Canada‘s Freedom Convoy movement is finding creative ways around the government’s attempt to slow down protests throughout the capital city of Ottawa by circling the arrival and departure lanes at the city’s airport.
The anti-vaccine mandate protesters made their way to Ottawa International Airport on Thursday, still angry at Prime Minister Justin Trudeau for smearing them as ‘a few people shouting and waving swastikas,’ while Ottawa police have threatened to arrest some truckers without warrants.
The protests have already led to 23 arrests and over 80 criminal investigations, but police are warning the truckers and their allies that more may be coming and sent out a ‘message to demonstrators.’
The Ottawa Police Service said those found to be engaging in criminal activity – which includes ‘blocking streets’ or assisting those who do – could be arrested without a warrant and could potentially have their vehicles seized and forfeited.
‘You must immediately cease further unlawful activity or you may face charges,’ the Wednesday notice reads. ‘You could be arrested without a warrant for this offence if you are a party to the offence or assisting others in the direct or indirect commission in this offence.’ Whether or not someone is released on bail depends on factors in ‘Part XVI of the Criminal Code,’ authorities added.
Ottawa police had issued a warning earlier Monday that ‘anyone found bringing fuel to the demonstration trucks in the red zone could be subject to arrest and charges.’
In the process of heading to the airport on Thursday, the convoy shut down both directions on the Ambassador Bridge, which connects Detroit, Michigan, to Windsor, Ontario. The bridge typically sees about 8,000 trucks pass through daily and accounts for 25 percent of trade between the two countries.
The city of Windsor said Thursday it would seek a court order to remove the blockade and the protesters.
‘The economic harm that this occupation is having on international trade is not sustainable and it must come to an end,’ Mayor Drew Dilkens said.
Trudeau expressed similar sentiments at a Prime Minister’s Questions (PMQ) session Thursday, slamming both the protesters and Conservative Party Interim Leader Candice Bergen.
‘The leader of the Conservative Party and her team have been their biggest champions,’ he said. ‘The consequences of these actions are having dire impacts. They’re impacting trade, they’re hurting jobs and they’re obstructing our communities.’
Three Toyota plants in Canada are to cease production for a week due to the truck drivers’ protests and blockades, and the General Motors plant in Delta Township, Michigan, which is 92 miles from the border, has canceled its second production shift due to supply chain issues. Governor Gretchen Whitmer said the momentum of the state’s growing economy is at risk and urged that the bridge – the busiest land border crossing in North America – be reopened.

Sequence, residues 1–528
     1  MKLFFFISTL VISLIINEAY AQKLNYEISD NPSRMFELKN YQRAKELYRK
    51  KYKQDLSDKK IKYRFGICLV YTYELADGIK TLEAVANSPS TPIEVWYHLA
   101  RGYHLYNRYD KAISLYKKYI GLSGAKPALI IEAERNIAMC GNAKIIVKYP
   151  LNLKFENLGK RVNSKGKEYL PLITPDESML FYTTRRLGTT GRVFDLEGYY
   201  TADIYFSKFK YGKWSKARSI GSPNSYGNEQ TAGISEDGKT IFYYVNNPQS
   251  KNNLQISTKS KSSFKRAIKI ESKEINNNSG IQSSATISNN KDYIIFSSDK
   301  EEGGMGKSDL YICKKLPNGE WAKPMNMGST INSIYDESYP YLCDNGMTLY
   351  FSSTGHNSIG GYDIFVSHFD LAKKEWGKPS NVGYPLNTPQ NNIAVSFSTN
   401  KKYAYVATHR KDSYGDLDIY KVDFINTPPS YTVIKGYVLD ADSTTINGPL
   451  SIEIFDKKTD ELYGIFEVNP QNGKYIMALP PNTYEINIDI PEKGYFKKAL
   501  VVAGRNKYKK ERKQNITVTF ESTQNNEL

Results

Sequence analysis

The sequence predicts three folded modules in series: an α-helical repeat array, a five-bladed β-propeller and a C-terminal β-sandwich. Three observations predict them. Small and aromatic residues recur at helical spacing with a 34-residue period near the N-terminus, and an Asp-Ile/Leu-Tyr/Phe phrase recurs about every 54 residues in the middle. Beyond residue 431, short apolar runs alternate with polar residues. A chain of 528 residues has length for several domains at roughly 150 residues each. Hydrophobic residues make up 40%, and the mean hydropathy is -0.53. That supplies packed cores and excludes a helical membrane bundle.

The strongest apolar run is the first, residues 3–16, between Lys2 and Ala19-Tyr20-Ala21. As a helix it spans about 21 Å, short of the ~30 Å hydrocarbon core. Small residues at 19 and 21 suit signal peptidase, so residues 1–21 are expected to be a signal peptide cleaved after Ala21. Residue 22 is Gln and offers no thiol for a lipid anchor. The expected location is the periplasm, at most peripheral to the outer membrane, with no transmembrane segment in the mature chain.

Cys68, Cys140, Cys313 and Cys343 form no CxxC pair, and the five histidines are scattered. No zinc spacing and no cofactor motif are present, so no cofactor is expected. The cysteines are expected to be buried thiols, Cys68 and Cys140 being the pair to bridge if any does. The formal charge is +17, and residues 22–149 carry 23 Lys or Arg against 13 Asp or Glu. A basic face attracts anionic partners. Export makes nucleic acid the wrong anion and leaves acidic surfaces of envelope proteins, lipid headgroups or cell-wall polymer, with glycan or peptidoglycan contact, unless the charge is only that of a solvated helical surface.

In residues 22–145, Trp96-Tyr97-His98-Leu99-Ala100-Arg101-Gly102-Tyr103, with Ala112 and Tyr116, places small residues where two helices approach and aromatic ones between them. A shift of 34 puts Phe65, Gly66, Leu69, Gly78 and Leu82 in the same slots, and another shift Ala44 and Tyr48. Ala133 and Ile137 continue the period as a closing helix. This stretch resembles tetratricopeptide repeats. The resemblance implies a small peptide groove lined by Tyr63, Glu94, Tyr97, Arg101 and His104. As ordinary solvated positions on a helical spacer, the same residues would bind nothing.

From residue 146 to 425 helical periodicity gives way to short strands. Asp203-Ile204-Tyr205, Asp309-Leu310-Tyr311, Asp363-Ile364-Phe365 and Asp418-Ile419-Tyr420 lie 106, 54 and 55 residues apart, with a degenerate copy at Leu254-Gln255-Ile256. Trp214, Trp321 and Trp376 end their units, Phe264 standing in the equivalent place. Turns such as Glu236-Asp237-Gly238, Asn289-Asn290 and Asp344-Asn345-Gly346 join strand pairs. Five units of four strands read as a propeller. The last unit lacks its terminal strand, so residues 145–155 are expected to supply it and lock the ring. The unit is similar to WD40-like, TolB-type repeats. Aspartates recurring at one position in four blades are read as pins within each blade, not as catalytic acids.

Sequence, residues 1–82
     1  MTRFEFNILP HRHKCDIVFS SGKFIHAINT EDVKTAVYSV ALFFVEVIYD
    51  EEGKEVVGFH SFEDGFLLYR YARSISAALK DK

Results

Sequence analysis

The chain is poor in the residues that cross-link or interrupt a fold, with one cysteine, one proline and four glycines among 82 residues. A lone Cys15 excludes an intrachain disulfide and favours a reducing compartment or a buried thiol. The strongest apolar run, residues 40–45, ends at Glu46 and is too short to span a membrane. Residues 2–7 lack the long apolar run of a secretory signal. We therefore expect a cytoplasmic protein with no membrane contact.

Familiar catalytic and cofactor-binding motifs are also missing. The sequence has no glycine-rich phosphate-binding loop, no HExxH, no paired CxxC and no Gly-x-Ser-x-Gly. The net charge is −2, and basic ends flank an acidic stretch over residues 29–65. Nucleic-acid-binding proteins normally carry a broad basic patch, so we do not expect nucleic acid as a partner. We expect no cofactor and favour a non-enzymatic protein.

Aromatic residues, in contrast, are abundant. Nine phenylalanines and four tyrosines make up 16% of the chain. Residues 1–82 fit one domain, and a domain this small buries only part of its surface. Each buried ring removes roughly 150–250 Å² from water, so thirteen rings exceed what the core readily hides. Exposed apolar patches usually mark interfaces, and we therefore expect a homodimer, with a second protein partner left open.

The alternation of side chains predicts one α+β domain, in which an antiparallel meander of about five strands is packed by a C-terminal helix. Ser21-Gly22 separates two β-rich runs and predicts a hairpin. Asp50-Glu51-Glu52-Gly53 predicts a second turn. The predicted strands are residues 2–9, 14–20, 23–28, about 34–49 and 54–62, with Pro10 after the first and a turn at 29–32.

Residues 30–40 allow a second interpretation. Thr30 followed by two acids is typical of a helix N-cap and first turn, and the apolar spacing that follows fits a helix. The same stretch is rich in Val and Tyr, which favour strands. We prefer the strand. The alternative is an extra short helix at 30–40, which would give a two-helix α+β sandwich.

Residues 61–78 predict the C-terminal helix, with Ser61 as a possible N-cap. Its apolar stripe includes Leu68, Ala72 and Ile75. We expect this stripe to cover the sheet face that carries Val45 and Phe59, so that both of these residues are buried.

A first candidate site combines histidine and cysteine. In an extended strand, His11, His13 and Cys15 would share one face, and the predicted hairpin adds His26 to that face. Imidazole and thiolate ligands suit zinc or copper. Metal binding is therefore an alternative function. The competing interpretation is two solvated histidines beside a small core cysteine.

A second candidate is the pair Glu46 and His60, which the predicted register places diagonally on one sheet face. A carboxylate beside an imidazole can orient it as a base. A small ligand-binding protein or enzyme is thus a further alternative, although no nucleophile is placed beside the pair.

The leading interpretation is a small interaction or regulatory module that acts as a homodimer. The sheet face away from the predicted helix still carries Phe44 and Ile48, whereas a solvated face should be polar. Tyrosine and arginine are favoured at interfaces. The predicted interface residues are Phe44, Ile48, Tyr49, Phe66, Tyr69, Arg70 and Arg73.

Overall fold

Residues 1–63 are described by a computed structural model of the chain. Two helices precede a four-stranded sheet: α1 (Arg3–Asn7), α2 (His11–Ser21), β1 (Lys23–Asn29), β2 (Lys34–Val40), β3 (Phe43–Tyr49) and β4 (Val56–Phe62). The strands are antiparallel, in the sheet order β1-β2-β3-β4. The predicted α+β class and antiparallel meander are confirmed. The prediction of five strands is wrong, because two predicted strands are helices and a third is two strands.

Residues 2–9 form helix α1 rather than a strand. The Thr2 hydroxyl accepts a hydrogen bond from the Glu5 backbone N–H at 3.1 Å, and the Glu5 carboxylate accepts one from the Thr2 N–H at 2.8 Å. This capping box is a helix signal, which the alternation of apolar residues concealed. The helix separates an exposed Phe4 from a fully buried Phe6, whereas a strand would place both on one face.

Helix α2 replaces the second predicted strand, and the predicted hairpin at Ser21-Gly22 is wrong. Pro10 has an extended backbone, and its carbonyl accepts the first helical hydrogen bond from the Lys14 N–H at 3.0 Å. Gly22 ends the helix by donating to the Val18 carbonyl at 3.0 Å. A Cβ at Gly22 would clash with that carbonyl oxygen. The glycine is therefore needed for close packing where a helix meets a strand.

Bergen called for the protesters – whom she said were ‘passionate, patriotic and peaceful’ – to go home on Thursday, citing similar economic concerns to Trudeau.
‘The economy you want to see reopened is hurting,’ she said. ‘You protested because you love your country and you want your freedoms back. That message has been heard.’
She said the Conservative Party would take up their fight in the House of Commons and, as if to prove it, tabled a motion that would demand Trudeau to move Canada to a ‘post-COVID’ society.
On Thursday, Truckers arrived at the airport in Ottawa just past 8 a.m. and began driving through the arrival and departure lanes in a loop and honking their horns. An organizer for the protest said they plan to stay for ‘hours.’
The pivot to airport protests comes after a 10-day injunction was granted by a judge banning horn-honking in downtown Ottawa. The airport protests would work around that as the airport is unaffected by the ban.
A spokesperson for Ottawa International Airport said that about 60 to 70 light trucks were circling and advised travelers to give themselves extra time.
Meanwhile, U.S. Department of Homeland Security officials believe a similar movement could be headed to the states around Super Bowl Sunday this weekend that could run from California to Washington, D.C.
‘Airport traffic is already extremely light due to the pandemic so the impact so far is minimal,’ Krista Kealey said. ‘We are monitoring the situation with our security and airport policing teams and advise anyone who is traveling today to give themselves extra time to get to the airport.’
The spokesperson then spoke negatively of the protest movement disrupting air travel.
‘We are very disappointed that the protesters have chosen to disrupt an industry that has already been decimated by the pandemic,’ she said.
‘Disrupting our airport will hurt people who are already suffering, including passengers and employees who rely on our industry for their livelihood and wellbeing.’
Police in Ottawa have also issued a warning that protesters blocking downtown streets could be arrested without a warrant and charged criminally, according to the Telegraph.
Protests did go on in Downtown Ottawa Thursday, with even children holding up signs backing the movement.
Meanwhile, the U.S. Department of Homeland Security (DHS) is hearing rumblings that the protests could arrive stateside around Super Bowl Sunday.
DHS is warning law enforcement and public safety that a ‘prolonged trucker convoy’ protesting vaccine mandates could begin on February 13, when the Super Bowl is scheduled to be played at SoFi Stadium in Los Angeles.